21. Rubenthaler J, Paprottka K, Marcon J, Hameister E, Hoffmann K, Joiko N, et al. Comparison of magnetic resonance imaging (MRI) and contrast-enhanced ultrasound(CEUS) in the evaluation of unclear solid renal lesions. ClinHemorheol Microcirc (2016) 64:757–63. doi: 10.3233/CH-168034

CrossRef Full Text | Google Scholar

22. Yong C, Teo YM, Jeevesh K. Diagnostic performance of contrast-enhanced ultrasound in the evaluation of renal masses inpatients with renal impairment. Med J Malaysia (2016) 71:193–8.

PubMed Abstract | Google Scholar

23. Wei SP, Xu CL, Zhang QR, Zhang Q-R, Zhao Y-E, Huang P-F, et al. Contrast-enhanced ultrasound for differentiating benign from malignant solid small renal masses: comparison with contrast-enhanced CT. Abdom Radiol (NY) (2017) 42:2135–45. doi: 10.1007/s00261-017-1111-x

PubMed Abstract | CrossRef Full Text | Google Scholar

24. Zarzour JG, Lockhart ME, West J, Turner E, Jackson BE, Thomas JV, et al. Contrast-enhanced ultrasound classification of previously indeterminate renal lesions. J Ultrasound Med (2017) 36:1819–27. doi: 10.1002/jum.14208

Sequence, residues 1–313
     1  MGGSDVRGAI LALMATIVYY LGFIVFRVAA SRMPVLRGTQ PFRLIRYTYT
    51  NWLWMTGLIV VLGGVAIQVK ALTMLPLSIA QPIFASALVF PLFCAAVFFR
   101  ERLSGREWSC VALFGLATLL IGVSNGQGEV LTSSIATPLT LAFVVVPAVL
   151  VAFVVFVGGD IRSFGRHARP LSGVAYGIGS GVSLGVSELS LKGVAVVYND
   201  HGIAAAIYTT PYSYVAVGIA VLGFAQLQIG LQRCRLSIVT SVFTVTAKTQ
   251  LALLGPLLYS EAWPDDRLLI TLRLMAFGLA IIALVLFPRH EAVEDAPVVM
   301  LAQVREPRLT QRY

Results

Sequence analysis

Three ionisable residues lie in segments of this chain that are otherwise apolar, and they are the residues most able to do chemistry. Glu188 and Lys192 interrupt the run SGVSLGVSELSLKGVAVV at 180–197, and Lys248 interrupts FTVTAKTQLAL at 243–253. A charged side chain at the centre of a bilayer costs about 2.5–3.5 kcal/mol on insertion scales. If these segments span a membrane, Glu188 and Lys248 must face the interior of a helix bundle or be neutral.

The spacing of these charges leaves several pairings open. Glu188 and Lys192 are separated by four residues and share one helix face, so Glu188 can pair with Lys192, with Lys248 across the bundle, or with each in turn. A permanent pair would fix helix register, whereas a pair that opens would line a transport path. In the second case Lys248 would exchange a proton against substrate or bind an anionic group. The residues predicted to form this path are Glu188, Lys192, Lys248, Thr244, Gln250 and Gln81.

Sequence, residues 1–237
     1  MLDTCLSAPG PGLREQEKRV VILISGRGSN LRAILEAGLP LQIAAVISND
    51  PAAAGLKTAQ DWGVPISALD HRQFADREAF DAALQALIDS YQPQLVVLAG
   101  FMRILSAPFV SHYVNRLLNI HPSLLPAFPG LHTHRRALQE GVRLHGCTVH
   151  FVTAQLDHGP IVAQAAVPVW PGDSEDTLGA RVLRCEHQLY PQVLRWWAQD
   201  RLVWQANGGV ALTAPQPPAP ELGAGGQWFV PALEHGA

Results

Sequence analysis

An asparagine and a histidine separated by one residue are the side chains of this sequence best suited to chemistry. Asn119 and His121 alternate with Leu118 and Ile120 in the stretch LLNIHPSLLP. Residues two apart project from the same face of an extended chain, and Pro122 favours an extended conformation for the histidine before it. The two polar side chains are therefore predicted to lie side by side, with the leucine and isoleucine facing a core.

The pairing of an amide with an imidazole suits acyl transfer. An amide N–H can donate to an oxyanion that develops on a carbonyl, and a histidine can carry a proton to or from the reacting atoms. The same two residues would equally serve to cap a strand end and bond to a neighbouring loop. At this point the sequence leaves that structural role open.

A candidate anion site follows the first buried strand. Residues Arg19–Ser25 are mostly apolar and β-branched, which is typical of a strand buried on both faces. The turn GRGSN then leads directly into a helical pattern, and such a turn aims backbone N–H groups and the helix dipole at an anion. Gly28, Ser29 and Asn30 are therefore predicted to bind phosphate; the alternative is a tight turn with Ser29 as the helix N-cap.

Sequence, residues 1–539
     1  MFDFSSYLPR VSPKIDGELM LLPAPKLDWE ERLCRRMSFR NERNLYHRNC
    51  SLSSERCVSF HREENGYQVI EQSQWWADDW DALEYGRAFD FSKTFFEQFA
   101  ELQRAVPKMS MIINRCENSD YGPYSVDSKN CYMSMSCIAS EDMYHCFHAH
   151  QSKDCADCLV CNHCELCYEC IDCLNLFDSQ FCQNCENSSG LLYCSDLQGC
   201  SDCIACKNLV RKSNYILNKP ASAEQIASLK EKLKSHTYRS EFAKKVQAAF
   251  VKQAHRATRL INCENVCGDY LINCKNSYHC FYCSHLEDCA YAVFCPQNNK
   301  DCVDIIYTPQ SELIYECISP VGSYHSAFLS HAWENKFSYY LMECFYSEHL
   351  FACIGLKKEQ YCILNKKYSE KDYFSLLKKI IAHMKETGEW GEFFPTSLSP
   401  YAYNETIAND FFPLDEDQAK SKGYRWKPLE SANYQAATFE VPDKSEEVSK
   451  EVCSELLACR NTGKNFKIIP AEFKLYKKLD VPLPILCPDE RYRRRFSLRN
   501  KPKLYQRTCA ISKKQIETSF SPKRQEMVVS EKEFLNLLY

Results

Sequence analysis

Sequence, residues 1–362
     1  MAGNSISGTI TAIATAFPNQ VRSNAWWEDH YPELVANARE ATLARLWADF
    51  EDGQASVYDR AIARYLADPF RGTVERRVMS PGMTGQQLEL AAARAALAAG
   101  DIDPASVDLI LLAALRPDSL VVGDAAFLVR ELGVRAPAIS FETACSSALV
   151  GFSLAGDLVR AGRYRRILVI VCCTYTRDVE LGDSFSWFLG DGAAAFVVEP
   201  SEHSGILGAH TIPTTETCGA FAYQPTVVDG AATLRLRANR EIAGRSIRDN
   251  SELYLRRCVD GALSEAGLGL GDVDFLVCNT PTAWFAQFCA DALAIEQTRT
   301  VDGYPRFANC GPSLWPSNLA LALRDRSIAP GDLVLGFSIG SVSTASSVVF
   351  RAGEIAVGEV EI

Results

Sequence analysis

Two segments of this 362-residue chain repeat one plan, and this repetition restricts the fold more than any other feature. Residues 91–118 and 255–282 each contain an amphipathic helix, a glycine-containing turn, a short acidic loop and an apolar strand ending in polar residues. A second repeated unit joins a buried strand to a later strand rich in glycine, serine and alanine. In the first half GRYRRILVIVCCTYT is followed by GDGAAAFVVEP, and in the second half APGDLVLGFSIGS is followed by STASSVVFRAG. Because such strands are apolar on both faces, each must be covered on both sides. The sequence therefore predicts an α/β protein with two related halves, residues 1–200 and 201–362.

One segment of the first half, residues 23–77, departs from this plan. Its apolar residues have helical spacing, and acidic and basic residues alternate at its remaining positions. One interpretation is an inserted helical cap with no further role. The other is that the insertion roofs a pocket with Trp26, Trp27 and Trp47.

PubMed Abstract | CrossRef Full Text | Google Scholar

25. Clevert DA, Minaifar N, Weckbach S, Jung EM, Stock K, Reiser M, et al. Multislice computed tomography versus contrast-enhanced ultrasound in evaluation of complex cystic renal masses using the Bosniak classification system. Clin Hemorheol Microcirc (2008) 39(1-4):171–8. doi: 10.3233/CH-2008-1083

PubMed Abstract | CrossRef Full Text | Google Scholar

26. Ascenti G, Mazziotti S, Zimbaro G, Settineri N, Magno C, Melloni D, et al. Complex cystic renal masses: characterization with contrast-enhanced US. Radiology (2007) 243(1):158–65. doi: 10.1148/radiol.2431051924

PubMed Abstract | CrossRef Full Text | Google Scholar

27. Quaia E, Bertolotto M, Cioffi V, Rossi A, Baratella E, Pizzolato R, et al. Comparison of contrast -enhanced sonography with unenhanced sonography and contrast -enhanced CT in the diagnosis of malignancy in complex cystic renal masses. AJR (2008) 191(4):1239–49. doi: 10.2214/AJR.07.3546

PubMed Abstract | CrossRef Full Text | Google Scholar